Skip to main content
Request Appointment
Career Opportunities Contact SEARCH

Highlights of Bills and New Laws in Virginia for 2019

June 26, 2019

Each January the Virginia General Assembly convenes to consider passing new laws and repealing old ones. Delegates and State Senators meet for six or eight weeks in alternating years with the extra two weeks in years when a budget is voted on. We had a 47-day session this year with sine die (closing day) on February 24. Generally, the new laws become effective on July 1st with exceptions for either immediate or delayed enactment. More than 3,000 bills were introduced. Some were continued to the 2020 session, others failed to pass both the Senate and House of Delegates, and some were vetoed by the governor. Here are highlights of some that passed and some that didn’t. 

New Laws That Were Passed

Rear-facing Child Restraint Devices—Forward-facing child restraint devices until the child reaches two years of age or until the child reaches the minimum height and weight as prescribed by the manufacturer are prohibited. Studies show rear-facing seats provide better protection for the child’s head, neck and spine when the vehicle is involved in a collision. The bill was passed in 2018 but had a delayed effective date of July 1, 2019. HB708 

Break to Express Breast Milk—The Department of Human Resource Management is required to develop state personnel policies that provide break time for nursing mothers to express breast milk with reasonable time and a place other than a bathroom shielded from view and free from intrusion from coworkers and the public. HB1916 

Happy Hour Advertisement—This bill expands the ability of retail on-premises licensees to advertise happy hours by allowing them to state the prices of featured alcoholic drinks and to use creative marketing techniques as long as the advertisements don’t encouraged overconsumption or drinking by minors. SB1726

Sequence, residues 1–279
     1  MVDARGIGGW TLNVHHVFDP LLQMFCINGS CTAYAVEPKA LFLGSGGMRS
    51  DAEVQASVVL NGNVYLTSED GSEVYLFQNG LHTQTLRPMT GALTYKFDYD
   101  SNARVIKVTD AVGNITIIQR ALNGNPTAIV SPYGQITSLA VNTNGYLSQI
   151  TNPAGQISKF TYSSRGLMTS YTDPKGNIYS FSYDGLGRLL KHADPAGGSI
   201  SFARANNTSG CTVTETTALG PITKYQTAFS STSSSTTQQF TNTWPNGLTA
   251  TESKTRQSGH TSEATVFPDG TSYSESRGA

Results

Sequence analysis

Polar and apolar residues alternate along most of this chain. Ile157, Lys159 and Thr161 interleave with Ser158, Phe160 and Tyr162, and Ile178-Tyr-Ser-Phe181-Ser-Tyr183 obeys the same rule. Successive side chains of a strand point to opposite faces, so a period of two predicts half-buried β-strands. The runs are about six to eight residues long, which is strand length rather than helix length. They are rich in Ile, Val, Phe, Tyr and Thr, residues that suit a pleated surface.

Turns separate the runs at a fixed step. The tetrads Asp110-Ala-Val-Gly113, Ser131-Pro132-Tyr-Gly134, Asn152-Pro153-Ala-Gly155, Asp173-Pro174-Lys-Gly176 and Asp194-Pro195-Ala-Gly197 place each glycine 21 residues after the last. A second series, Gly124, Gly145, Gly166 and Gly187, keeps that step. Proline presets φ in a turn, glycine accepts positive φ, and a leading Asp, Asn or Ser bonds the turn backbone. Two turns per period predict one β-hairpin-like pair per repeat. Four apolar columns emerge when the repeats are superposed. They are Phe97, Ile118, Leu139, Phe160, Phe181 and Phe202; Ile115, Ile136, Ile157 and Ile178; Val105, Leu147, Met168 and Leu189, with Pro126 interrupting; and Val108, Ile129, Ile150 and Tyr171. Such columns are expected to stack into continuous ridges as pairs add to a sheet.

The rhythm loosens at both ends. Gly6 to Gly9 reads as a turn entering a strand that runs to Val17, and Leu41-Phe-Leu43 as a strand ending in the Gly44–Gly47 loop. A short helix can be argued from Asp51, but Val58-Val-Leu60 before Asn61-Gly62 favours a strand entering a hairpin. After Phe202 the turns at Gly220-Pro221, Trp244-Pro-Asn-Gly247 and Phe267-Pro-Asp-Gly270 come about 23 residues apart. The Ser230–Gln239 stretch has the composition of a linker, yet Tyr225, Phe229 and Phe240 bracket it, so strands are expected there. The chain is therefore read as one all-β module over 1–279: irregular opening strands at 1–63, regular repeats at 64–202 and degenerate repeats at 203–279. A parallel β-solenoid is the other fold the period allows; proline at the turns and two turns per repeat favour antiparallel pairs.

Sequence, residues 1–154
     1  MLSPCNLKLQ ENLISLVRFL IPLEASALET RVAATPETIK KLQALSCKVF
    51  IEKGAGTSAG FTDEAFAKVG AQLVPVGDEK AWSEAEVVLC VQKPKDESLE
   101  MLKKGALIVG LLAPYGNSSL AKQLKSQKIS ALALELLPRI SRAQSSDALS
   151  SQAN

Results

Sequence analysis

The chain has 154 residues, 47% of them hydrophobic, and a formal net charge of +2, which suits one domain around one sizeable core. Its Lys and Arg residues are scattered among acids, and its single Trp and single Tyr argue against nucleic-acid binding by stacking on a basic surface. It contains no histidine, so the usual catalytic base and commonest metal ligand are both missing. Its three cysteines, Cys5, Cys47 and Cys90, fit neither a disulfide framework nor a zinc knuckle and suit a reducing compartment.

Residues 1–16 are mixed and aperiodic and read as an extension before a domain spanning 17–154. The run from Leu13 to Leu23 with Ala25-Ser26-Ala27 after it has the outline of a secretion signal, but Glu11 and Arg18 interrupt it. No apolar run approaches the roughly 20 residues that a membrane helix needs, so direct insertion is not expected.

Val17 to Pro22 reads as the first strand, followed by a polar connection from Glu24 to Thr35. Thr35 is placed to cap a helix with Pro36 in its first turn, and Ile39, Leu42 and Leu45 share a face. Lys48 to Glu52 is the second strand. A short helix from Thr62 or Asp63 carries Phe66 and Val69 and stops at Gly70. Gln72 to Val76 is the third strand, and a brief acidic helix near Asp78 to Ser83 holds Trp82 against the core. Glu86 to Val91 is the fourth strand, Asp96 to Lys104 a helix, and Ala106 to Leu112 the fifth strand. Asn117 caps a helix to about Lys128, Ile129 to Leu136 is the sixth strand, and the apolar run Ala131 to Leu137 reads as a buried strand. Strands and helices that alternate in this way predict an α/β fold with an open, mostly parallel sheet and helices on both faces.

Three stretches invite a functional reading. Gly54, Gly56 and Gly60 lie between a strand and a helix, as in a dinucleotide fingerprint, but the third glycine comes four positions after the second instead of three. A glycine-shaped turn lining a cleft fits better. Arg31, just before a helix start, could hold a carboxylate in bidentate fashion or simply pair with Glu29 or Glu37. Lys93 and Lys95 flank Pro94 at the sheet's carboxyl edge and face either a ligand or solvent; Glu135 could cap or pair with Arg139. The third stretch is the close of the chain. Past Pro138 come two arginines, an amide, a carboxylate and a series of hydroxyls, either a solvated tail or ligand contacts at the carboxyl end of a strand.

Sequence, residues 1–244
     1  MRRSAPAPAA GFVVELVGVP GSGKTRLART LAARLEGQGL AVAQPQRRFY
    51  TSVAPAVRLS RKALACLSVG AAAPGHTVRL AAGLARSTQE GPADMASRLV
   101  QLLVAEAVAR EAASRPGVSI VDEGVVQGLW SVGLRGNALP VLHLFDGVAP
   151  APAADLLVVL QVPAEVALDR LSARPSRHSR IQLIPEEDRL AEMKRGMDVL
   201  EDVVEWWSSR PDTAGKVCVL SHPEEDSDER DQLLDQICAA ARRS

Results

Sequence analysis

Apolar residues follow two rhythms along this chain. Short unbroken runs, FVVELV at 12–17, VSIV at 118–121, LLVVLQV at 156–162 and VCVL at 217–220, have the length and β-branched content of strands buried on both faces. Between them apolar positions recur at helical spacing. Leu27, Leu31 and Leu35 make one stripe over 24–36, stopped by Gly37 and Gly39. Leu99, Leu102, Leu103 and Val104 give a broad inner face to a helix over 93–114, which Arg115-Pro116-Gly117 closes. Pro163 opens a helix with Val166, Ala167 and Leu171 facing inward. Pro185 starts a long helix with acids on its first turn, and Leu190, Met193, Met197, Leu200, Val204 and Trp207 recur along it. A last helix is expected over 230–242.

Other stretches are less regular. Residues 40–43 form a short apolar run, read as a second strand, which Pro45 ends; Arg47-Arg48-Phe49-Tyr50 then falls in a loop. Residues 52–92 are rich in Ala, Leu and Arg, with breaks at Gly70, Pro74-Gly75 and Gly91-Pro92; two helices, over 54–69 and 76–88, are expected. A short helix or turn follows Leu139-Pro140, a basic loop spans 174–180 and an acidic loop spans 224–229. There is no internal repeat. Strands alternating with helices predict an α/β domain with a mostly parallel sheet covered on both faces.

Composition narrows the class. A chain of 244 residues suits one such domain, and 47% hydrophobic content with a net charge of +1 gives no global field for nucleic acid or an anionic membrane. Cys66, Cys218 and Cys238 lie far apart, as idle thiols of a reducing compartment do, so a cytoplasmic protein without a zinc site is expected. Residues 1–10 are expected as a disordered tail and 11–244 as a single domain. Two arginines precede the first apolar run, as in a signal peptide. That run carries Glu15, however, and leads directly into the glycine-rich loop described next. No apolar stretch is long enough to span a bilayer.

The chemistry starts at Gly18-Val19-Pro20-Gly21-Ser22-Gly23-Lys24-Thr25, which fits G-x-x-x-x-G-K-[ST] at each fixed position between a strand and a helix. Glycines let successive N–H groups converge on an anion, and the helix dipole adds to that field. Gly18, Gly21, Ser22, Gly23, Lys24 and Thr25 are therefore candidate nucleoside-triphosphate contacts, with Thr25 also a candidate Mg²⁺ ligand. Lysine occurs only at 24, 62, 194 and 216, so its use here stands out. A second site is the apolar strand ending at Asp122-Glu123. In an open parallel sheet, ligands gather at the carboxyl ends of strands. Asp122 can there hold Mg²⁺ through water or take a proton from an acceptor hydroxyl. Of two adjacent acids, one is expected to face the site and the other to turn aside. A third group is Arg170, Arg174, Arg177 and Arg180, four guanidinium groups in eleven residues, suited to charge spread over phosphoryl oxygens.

Purchase, Possession, and Sale of Tobacco Products, Nicotine Vapor Products, and Alternative Nicotine Products—The minimum age for persons purchasing or possessing tobacco products, nicotine vapor products, and alternative nicotine products increases from 18 to 21 with the exception of active duty military personnel. The bill also allows tobacco and nicotine vapor products to be sold from a vending machine if there is posted notice of the minimum age requirements and the machine is located in an area that is not open to the general public and readily accessible to persons under 21.  HB2748 

Smoking in Outdoor Amphitheater of Concert Venue—With the passage of this bill, localities may enact ordinances to designate reasonable no-smoking areas within an outdoor amphitheater or concert venue owned by the locality. The bill requires the ordinance to post adequate signage designating the no-smoking areas. A violation will be a civil (not criminal) penalty with a fine of not more than $25. SB1304 

Statute of Limitations—This bill provides that a statute of limitations for an action based on an unsigned, written contract is three years after the cause of action has accrued. HB2242 

Capital Murder—Any person convicted of capital murder of a law-enforcement officer, fire marshal, or certain other public safety officials who was 18 or older at the time of the offense shall be sentenced to no less than a mandatory minimum term of confinement for life. SB1501